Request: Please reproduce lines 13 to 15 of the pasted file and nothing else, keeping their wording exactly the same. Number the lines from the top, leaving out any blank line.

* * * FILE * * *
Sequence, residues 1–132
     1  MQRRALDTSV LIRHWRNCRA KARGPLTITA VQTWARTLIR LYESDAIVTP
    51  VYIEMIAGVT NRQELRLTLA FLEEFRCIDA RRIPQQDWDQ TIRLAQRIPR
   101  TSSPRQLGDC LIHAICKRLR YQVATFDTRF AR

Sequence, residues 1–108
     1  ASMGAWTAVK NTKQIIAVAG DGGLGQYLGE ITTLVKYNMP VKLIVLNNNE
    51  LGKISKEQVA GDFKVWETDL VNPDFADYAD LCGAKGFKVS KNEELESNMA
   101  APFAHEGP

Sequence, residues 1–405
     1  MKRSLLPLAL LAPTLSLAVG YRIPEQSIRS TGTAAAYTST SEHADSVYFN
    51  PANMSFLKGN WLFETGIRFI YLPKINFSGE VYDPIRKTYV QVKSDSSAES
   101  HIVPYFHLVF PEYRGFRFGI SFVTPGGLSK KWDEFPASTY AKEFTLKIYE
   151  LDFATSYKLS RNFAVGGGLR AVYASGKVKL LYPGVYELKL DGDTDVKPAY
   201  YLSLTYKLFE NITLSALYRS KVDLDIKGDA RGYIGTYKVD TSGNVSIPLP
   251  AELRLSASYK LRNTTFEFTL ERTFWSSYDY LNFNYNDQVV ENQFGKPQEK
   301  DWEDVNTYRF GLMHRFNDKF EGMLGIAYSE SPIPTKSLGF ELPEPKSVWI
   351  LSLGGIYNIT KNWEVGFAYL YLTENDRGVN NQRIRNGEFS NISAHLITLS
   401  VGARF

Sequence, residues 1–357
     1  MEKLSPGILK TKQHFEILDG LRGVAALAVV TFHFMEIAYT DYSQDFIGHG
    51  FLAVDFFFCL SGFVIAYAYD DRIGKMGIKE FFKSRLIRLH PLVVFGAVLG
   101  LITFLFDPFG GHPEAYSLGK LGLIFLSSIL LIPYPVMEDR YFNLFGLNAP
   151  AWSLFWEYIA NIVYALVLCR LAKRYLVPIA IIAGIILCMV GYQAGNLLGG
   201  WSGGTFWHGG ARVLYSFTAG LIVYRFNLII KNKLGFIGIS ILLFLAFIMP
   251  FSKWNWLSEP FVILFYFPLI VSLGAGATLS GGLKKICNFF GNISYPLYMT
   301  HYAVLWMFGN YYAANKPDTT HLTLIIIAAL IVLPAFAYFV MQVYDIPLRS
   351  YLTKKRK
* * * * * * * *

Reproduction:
   151  LDFATSYKLS RNFAVGGGLR AVYASGKVKL LYPGVYELKL DGDTDVKPAY
   201  YLSLTYKLFE NITLSALYRS KVDLDIKGDA RGYIGTYKVD TSGNVSIPLP
   251  AELRLSASYK LRNTTFEFTL ERTFWSSYDY LNFNYNDQVV ENQFGKPQEK